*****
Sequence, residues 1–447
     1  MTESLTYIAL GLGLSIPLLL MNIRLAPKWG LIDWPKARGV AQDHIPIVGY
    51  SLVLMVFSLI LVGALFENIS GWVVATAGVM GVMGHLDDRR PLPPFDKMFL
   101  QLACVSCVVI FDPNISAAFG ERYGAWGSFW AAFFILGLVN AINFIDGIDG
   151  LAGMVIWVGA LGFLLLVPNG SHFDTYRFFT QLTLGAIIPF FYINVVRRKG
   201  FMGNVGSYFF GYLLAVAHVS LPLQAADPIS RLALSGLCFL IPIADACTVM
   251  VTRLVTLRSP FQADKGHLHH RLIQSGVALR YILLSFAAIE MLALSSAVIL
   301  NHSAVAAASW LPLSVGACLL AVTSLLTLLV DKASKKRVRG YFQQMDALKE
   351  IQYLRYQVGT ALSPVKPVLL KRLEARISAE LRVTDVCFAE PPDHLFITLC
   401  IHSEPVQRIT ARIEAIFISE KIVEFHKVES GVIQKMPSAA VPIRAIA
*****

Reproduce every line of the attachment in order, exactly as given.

Sequence, residues 1–447
     1  MTESLTYIAL GLGLSIPLLL MNIRLAPKWG LIDWPKARGV AQDHIPIVGY
    51  SLVLMVFSLI LVGALFENIS GWVVATAGVM GVMGHLDDRR PLPPFDKMFL
   101  QLACVSCVVI FDPNISAAFG ERYGAWGSFW AAFFILGLVN AINFIDGIDG
   151  LAGMVIWVGA LGFLLLVPNG SHFDTYRFFT QLTLGAIIPF FYINVVRRKG
   201  FMGNVGSYFF GYLLAVAHVS LPLQAADPIS RLALSGLCFL IPIADACTVM
   251  VTRLVTLRSP FQADKGHLHH RLIQSGVALR YILLSFAAIE MLALSSAVIL
   301  NHSAVAAASW LPLSVGACLL AVTSLLTLLV DKASKKRVRG YFQQMDALKE
   351  IQYLRYQVGT ALSPVKPVLL KRLEARISAE LRVTDVCFAE PPDHLFITLC
   401  IHSEPVQRIT ARIEAIFISE KIVEFHKVES GVIQKMPSAA VPIRAIA